The MVL process is started by the company’s directors, who must swear a Statutory Declaration of Solvency. This is done in front of a local solicitor. This is a basic balance sheet stating that the company is solvent and can pay its creditors in full (plus Statutory Interest where applicable) within a period of 12 months. The Declaration must be made by the majority of directors (or both if there are 2). The directors are further expected to convene a shareholders’ meeting to consider the resolutions to wind-up the company and appoint a Liquidator.

The swearing of the Declaration begins a 5-week window in which the shareholders must pass the appropriate resolutions. Failure to pass the resolution within these 5 weeks will render the Declaration obsolete, and a new Declaration must be sworn.

Upon passing the resolution to wind-up, the company formally enters Liquidation. The appointed Liquidator will then begin to wind down the company’s affairs. 

Post Appointment

Notice of the Liquidation and the appointment of the Liquidator will be sent to all shareholders and Companies House. An advert will also be placed in the London Gazette requesting that any creditors of the company inform the appointed Liquidator of their potential claim. This must be done within 30 days of the Notice. Any creditor failing to notify the Liquidator within this 30-day period will be expunged from any distribution. 

Possible Consequences

Should a creditor claim be received and it transpires that the company cannot discharge its obligations in full, then the liquidation will convert to a CVL. This conversion may have possible consequences for the company’s directors. 

Distributions to Shareholders 

Upon expiry of the 30 days for creditors to submit their claims, distributions to the company’s shareholders can commence. There are two types of distributions to shareholders. The first is a physical distribution of assets over which the Liquidator has control. This primarily consists of the company’s cash (either by way of the company’s cash at the bank or cash held as a result of other asset realisations). The second is a distribution in specie and is used to distribute other tangible assets not physically held by the Liquidator. These may include freehold property, directors’ loan accounts, outstanding book debts, plant and machinery and office equipment etc. A distribution in specie can be undertaken on the date of Liquidation, and distributions to shareholders can be split over 2 tax periods to take advantage of their personal allowance.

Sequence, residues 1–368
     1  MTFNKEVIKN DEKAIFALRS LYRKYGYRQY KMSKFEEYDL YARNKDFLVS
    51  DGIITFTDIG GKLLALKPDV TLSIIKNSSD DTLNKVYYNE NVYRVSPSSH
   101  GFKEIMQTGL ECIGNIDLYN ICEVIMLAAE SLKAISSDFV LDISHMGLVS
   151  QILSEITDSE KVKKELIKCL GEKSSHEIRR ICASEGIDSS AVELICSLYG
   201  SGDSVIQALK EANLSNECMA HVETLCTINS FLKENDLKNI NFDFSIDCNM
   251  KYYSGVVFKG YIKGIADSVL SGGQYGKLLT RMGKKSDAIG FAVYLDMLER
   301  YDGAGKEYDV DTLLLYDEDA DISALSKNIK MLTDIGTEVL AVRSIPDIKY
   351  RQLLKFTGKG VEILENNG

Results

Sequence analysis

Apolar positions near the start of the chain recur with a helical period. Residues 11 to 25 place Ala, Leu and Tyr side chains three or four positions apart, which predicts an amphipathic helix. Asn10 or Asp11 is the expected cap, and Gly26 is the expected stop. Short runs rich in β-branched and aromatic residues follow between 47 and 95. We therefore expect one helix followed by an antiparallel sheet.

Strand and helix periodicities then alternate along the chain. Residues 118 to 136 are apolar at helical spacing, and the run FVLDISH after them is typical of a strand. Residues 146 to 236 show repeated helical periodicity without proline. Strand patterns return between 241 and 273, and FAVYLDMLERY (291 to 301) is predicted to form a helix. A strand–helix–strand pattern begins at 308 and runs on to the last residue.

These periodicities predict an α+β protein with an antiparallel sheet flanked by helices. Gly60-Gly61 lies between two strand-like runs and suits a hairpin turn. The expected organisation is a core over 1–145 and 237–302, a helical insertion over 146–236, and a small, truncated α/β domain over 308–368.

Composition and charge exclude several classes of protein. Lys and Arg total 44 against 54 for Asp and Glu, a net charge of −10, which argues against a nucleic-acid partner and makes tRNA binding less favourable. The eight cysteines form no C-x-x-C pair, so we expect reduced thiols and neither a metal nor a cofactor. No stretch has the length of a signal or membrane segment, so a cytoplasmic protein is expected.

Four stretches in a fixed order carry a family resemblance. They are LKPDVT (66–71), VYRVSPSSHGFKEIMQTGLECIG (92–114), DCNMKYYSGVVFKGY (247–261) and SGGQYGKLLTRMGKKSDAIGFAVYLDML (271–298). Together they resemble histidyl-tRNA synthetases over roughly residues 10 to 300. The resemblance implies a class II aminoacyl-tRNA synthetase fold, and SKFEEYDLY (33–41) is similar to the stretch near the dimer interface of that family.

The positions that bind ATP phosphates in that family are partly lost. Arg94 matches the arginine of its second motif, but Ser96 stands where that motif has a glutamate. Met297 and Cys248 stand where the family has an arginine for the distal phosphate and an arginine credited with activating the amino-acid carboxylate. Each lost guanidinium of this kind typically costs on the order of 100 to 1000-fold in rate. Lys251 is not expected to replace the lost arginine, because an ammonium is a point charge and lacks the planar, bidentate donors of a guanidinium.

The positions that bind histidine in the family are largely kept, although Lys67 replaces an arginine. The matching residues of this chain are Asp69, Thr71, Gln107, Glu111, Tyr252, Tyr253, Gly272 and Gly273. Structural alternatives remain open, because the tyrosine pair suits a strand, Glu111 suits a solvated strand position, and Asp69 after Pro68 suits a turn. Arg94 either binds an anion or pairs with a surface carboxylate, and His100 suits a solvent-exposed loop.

HM Revenue & Customs Clearance 

Once the company’s assets have been distributed, the Liquidator will correspond with HM Revenue & Customs. This is to request confirmation that all the company’s returns have been filed and that there is no liability outstanding. Once HM Revenue & Customs have confirmed the above, the case can be concluded.

The MVL process is typically completed in just under 12 months. As mentioned above, there is a requirement to receive HM Revenue & Customs clearance to conclude the case, and due to their current backlog, this takes around 12 months. 

Alternative Option

An alternative to an MVL may be to apply to Companies House to have the company removed from the Register. However, this is subject to strict conditions making an MVL the likely option, especially if the company has NET assets over £25,000.

Closing a ltd company -creditors’ Voluntary Liquidation (“CVL”) (Insolvent)

A CVL is the last port of call for closing an insolvent limited company which is struggling to pay its creditors. It should only be considered when all other avenues of refinancing and rescue have been exhausted. It will mark the end of the Limited company (although the business itself may be sold to another entity).

. It should only be considered when all other avenues of refinancing and rescue have been exhausted. It will mark the end of the Limited company (although the business itself may be sold to another entity). 

Process

The company directors start the CVL process. At a Board Meeting, the directors will resolve that the company is insolvent and that a meeting of the company’s shareholders should be convened. At the Shareholders’ meeting, two resolutions will be considered:

  • That the company be wound-up voluntarily.
  • That a liquidator be appointed.